Critics Consensus

Smart, funny, and engagingly scruffy, Singles is a clear-eyed look at modern romance that doubles as a credible grunge-era time capsule.



Total Count: 52


Audience Score

User Ratings: 21,696
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Singles Photos

Movie Info

Set amidst the burgeoning Seattle alternative music scene of the early '90s, Singles follows a group of twentysomethings as they try to find love and try to come to terms with their passage into adulthood. Arranged as an episodic comedy, the film follows a group of friends who live in the same apartment building and hang out at the same coffee shop. The central couple is Steve Dunne (Campbell Scott) and Linda Powell (Kyra Sedgwick), a pair who meet at an Alice In Chains concert and eventually fall in love. Singles follows the tumultuous relationship between Steve and Linda and their friendship with Janet Livermore (Bridget Fonda), who is trying to win the affection of grunge-rocker Cliff Poncier (Matt Dillon). The film also has a number of cameos, including actors Eric Stoltz, Tom Skerritt, Peter Horton, director Tim Burton and the film's author/director, Cameron Crowe. From the musical side of the fence, Singles features appearances by Sub Pop executive Bruce Pavitt, musicians Chris Cornell (Soundgarden), Pat DiNizio (Smithereens), Tad (Tad), and Pearl Jam's Eddie Vedder, Jeff Ament, and Stone Gossard, who play Dillon's backing band, Citizen Dick.

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Bridget Fonda
as Janet Livermore
Campbell Scott
as Steve Dunne
Kyra Sedgwick
as Linda Powell
Sheila Kelley
as Debbie Hunt
Jim True-Frost
as David Bailey
Matt Dillon
as Cliff Poncier
Bill Pullman
as Dr. Jamison
Jeremy Piven
as Doug Hughley
Tom Skerritt
as Mayor Weber
Bill Smille
as Boston Doctor
Bill Smillie
as Boston Doctor
Chuck McQuary
as Garage Opener Clerk
Matt Magnano
as 1st Kid
Jaffar Smith
as 2nd Kid
Dana Eskelson
as Club Girl
Mykol Hazsen
as Club Bouncer
Art Cahn
as Magazine Stand Clerk
Jane Jones
as Denise
Paul Giamatti
as Kissing Man
Alicia Roper
as Kissing Woman
Wayne Cody
as Himself
Cameron Crowe
as Club Interviewer
Thomas "Tad" A. Doyle
as Wrong Phone Number
Alice Marie Crowe
as Dr. Jamison's Nurse
Joan Giammarco
as Receptionist
Tom Francis
as Deputy Mayor
Jerry Ziesmer
as Councilman Jordan Fisher
Nina Escudero
as Airline Clerk
Dan Wartman
as Single Kid on Plane
Amy Hill
as Hospital Nurse
Lara Harris
as Poetess (Outtakes)
Debi Mazar
as Brenda (Outtakes)
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News & Interviews for Singles

Critic Reviews for Singles

All Critics (52) | Top Critics (15)

Audience Reviews for Singles

  • Aug 27, 2015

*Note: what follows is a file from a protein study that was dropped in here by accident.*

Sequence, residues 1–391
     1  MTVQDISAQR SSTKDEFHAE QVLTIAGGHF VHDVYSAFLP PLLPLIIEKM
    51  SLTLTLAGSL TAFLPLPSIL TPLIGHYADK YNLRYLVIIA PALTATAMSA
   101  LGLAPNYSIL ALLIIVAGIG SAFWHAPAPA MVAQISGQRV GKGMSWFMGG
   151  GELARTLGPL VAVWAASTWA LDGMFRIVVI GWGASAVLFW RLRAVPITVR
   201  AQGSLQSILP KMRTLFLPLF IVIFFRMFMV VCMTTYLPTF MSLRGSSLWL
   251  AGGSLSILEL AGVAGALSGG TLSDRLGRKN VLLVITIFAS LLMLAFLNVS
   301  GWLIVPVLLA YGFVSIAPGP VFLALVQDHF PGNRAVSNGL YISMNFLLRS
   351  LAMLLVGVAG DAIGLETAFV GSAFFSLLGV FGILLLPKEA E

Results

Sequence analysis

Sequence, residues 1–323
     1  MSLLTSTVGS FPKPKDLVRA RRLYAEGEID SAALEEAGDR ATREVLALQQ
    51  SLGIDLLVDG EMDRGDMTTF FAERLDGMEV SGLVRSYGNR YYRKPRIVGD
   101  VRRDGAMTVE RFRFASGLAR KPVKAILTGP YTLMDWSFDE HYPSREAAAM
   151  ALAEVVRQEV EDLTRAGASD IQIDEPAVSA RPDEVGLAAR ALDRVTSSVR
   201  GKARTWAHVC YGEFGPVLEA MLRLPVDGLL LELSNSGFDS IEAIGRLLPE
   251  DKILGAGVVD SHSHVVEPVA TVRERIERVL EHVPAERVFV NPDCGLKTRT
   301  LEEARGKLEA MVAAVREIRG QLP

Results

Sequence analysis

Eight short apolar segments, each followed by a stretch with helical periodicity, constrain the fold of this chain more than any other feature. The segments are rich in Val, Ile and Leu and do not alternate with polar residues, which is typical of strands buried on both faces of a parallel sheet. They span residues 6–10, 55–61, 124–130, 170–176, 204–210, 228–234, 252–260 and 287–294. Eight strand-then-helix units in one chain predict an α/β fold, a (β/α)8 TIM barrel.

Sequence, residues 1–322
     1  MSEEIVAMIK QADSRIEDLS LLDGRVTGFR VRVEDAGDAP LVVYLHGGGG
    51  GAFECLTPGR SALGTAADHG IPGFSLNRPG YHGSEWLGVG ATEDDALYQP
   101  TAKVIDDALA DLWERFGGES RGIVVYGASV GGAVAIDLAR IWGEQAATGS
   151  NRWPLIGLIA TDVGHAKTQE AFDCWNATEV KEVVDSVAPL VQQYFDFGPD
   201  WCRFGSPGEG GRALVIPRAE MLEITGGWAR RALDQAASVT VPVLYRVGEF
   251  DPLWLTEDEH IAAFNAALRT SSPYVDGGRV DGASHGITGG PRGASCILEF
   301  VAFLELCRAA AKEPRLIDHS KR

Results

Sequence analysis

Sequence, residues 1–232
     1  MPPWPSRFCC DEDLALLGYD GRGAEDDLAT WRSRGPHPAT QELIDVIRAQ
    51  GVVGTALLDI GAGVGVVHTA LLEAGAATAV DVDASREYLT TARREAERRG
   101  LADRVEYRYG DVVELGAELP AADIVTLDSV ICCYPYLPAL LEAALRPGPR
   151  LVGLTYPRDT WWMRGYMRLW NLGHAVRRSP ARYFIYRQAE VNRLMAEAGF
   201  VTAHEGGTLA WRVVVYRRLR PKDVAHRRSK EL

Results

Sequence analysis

Rather than say 'Aloha' to Cameron Crowe's prodigious talents ebbing and flowing in dodgy waters, check out a 1992 gem by this writer-director that winningly captures grunge and knowingly looks grungy while doing it. Someway somehow, Crowe - the Rolling Stone reporter who brilliantly documents a fan's-eye-view of '70s rock 'n' roll right from the trenches of his own young adult experience with Almost Famous - shows up right as grunge is being conceived and provides a series of bitingly truthful love stories that just happen to perfectly document an important time in music history. You know how Forrest Gump pops up at just the right times throughout U.S. history to make his mark and provide us with a wink and nod lesson? Well, Cameron Crowe does the same for rock history without playing Zelig ... at least he did before becoming too sentimental with projects like Elizabethtown, We Bought a Zoo and the aforementioned Aloha. With Singles, he provides a hip, vervy portrait of the influential '90s Seattle scene that's far from a love letter - it's a full-on time capsule. It's not like Titanic where a flimsy love story got framed around a disaster. These relationships happen organically and Pearl Jam and Alice in Chains just happen to be in the background. In this PG-13-rated dramedy, a group of twenty-something friends (Fonda, Scott, Kyra Sedgwick, Matt Dillon), most of whom live in the same apartment complex, search for love and success in grunge-era Seattle. Though the story doesn't boast as much character as Crowe's '80s youth-defining work in Say Anything and the dialogue doesn't ring as resonantly as with his much more polished '90s rom-com masterwork Jerry Maguire, Singles' acting and setting provide a whipsmart and smart-ass look at a semi-modern romance. Plus, you get to see a Point of No Return-era Bridget Fonda, Dead Again-era Campbell Scott, Born on the Fourth of July-era Kyra Sedgwick, and Drugstore Cowboy-era Matt Dillon giving it their youthful all before taking on some more career-defining adult roles. Best of all, there's that soundtrack. Pearl Jam's "State of Love and Trust" - released exclusively for the motion picture - ranks among the band's best works. Bottom line: Grunge Match
    Jeff B Super Reviewer
  • Sep 06, 2010
    I caught this on TV one day a long time ago, I thought it was pretty boring. I only watched it for the cameo from Tim Burton, which was cool, but the rest of the movie wasn't anything special. Overall, it's okay.
    Aj V Super Reviewer
  • Oct 20, 2009
    Love this movie, so funny and could really relate to it when I first saw it. Not sure if a younger person watching it now would like it as much. Maybe one for GenX.
    Nicki M Super Reviewer
  • Sep 21, 2009
    great movie and great soundtrack!
    ~Lissa~ Super Reviewer

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